See K. van der Toorn, Sin and Sanction in Ancient Mesopotamia, Assen 1985,56-93.
Summoning the Sacred in Sumerian Incantations 47

reflecting the original Greek use of the word to refer to deities, often avenging ones,
rather than the New Testament Greek usage, now dominant in English, which refers
to supernatural forces such as the Devil opposed to senior deities.
Before ending this discussion of the incantations, it is worth comparing them briefly
with other textual genres which share similar concerns, namely with divinatory texts,
personal laments (also referred to as wisdom literature) and combat myths. The first
two of these textual groups, divinatory texts in which the sacred is ritually summoned
in order to provide information about past and future events, such as the cause of an
illness and its outcome should no incantation be performed, and personal laments
which examine the theodicean issue of how proportionate a divine punishment such
as illness is to a human transgression, can be viewed as sharing the same world-view
as the incantations. The third of these textual groups, combat myths in which one deity
defeats another, can be viewed to a degree as opposed to the world-view of the
The Mesopotamian omen inventory is conceptually similar to the range of
transgressions referred to in the incantations in that both encompass many aspects of
the temporal domain which in a religion such as Christianity are regarded as neutral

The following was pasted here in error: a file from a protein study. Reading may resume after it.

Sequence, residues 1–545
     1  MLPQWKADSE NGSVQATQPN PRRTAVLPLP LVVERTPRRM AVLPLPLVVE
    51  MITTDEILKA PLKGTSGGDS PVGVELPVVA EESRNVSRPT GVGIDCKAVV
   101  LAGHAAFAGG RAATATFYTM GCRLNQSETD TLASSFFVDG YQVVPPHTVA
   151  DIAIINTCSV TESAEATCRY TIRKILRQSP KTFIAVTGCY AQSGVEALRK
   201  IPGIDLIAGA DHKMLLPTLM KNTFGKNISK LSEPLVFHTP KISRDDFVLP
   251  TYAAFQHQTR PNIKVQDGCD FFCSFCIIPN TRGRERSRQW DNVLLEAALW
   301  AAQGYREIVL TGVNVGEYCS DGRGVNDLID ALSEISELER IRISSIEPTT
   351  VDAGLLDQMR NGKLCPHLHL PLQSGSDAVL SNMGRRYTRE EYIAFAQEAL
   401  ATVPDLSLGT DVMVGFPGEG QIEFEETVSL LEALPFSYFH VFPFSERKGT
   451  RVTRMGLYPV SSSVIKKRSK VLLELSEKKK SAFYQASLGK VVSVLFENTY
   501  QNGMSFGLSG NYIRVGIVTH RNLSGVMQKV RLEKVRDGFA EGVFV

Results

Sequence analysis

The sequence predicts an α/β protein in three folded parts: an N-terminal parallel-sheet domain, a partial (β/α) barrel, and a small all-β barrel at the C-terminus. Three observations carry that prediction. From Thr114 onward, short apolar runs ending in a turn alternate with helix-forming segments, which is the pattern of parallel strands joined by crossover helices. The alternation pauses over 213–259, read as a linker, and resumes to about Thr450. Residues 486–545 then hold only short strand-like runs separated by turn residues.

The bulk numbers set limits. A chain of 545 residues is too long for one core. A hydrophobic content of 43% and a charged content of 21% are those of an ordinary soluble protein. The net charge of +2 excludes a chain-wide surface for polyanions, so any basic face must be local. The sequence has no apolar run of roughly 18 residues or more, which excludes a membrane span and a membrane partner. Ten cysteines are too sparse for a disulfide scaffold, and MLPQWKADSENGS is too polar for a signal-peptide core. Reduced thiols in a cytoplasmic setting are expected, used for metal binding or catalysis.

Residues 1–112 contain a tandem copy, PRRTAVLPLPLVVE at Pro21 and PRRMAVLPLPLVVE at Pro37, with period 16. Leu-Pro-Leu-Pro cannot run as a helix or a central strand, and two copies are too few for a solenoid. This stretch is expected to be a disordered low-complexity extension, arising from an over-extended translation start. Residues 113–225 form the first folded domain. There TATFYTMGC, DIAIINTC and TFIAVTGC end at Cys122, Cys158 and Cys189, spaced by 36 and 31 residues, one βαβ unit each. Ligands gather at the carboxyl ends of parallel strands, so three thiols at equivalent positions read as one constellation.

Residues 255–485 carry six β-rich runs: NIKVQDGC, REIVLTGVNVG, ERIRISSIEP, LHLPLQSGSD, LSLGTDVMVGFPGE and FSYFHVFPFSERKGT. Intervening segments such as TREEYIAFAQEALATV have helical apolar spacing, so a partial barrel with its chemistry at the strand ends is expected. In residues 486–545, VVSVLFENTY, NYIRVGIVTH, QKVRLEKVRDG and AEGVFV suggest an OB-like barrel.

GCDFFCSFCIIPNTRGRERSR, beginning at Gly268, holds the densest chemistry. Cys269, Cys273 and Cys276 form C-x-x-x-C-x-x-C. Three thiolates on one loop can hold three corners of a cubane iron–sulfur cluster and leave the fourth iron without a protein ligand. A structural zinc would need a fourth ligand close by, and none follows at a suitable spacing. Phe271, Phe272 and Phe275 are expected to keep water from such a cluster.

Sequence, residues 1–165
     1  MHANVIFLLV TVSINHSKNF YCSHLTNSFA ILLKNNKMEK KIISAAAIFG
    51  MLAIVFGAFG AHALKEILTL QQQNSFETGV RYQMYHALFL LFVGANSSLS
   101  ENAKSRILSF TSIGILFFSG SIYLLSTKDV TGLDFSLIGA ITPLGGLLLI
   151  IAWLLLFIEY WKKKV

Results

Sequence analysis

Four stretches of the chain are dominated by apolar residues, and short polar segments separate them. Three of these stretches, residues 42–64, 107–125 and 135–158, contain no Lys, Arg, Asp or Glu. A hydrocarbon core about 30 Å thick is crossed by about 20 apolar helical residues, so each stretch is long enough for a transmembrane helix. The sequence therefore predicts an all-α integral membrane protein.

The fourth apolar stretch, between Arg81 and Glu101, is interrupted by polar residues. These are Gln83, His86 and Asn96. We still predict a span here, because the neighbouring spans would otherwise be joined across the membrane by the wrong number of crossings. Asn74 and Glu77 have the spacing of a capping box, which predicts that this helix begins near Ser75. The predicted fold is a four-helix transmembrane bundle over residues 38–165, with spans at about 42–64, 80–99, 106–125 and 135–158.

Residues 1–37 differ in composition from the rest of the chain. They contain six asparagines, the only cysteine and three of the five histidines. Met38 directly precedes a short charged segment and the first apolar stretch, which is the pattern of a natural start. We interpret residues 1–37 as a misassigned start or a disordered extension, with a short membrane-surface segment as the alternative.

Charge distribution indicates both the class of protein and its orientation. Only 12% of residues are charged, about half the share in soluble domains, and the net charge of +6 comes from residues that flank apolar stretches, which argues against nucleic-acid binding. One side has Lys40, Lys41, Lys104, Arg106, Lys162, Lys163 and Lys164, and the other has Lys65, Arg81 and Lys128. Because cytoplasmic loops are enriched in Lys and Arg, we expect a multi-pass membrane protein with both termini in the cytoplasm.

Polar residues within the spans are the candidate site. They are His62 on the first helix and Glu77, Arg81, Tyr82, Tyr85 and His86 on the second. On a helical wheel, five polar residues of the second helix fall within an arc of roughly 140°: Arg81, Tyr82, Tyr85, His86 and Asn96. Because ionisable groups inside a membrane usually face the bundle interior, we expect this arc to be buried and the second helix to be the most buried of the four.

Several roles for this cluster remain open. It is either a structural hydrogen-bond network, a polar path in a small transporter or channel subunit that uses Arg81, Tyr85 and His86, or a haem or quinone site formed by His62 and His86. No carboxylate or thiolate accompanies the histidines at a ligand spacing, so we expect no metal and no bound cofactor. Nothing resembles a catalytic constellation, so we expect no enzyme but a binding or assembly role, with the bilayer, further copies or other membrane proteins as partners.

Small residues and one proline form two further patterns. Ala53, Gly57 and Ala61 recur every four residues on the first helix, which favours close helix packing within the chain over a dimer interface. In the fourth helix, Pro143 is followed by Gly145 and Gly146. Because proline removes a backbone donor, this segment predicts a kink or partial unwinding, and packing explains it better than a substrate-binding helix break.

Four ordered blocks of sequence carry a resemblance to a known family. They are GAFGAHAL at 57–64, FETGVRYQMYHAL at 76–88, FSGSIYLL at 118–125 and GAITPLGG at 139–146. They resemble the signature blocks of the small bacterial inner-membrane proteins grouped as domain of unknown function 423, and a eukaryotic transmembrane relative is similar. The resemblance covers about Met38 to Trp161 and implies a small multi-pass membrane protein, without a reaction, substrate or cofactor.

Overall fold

A more specific indication of the close relationship between incantations and
divination is provided by an Akkadian text referred to as the Exorcist's Handbook
which dates to the first millennium but may reflect an earlier tradition30. It begins by
specifying its contents: «The titles of the textual works of MA§.MA§-to which are
prescribed for learning and study» («SAG.ME§ ES.GAR MAS.MAS-O" Si a-na
NIG.ZU u IGI.DUH.A kun-nu»). Whether the discipline referred to, MAS.MA§-fti, is
to be transcribed maSmaSSutu or Ssiputu*1, the titles prescribed indicate that it re-
quired the learning and study of both incantations and some divinatory texts32. The
texts mentioned include also therapeutic incantations designed to cure illness caused
by daemons, for example in line 7 the series entitled «Evil utukku daemons*
(«UDUG.HUL.A.ME§»), as well as divinatory texts which diagnose the cause of an
illness and predict its outcome, for example in line 6 the series entitled «Symptoms»
(«SA.GIG-ii») which itself begins with a reference to the discipline's practitioner
«When an SSipu goes to an invalid's house» («e-nu-ma ana E GIG KA.PIRIG DU-
£u»)33. The extent to which the divination specified in the handbook was performed
by the SSipu, maSmaSSu or others requires further research. However, several texts
have already been edited which show the divination mentioned in the handbook
operating in tandem with incantations34.

For an edition of this text, KAR 44, see J. Bottero, Le manuel de l'exorciste et son calendrier,
reprinted in J. Boudro, Mythes etritesde Babylone, Geneva 1985,65-112.
Compare, for example, «[maS]-ma5 = maS-ma-Su» (MSL 12,102: 204) and «luma5-ma5 = a-Si-
p(u]»(MSL 12,231:5).
Divination involving offerings of animals, incense and oil to deities, the concern of bSriitu, is
See, for example, E. Reiner, Fortune-telling in Mesopotamia, JNES 19,1960,23-35.
48 G. Cunningham

The second group of texts which complements the incantations, the personal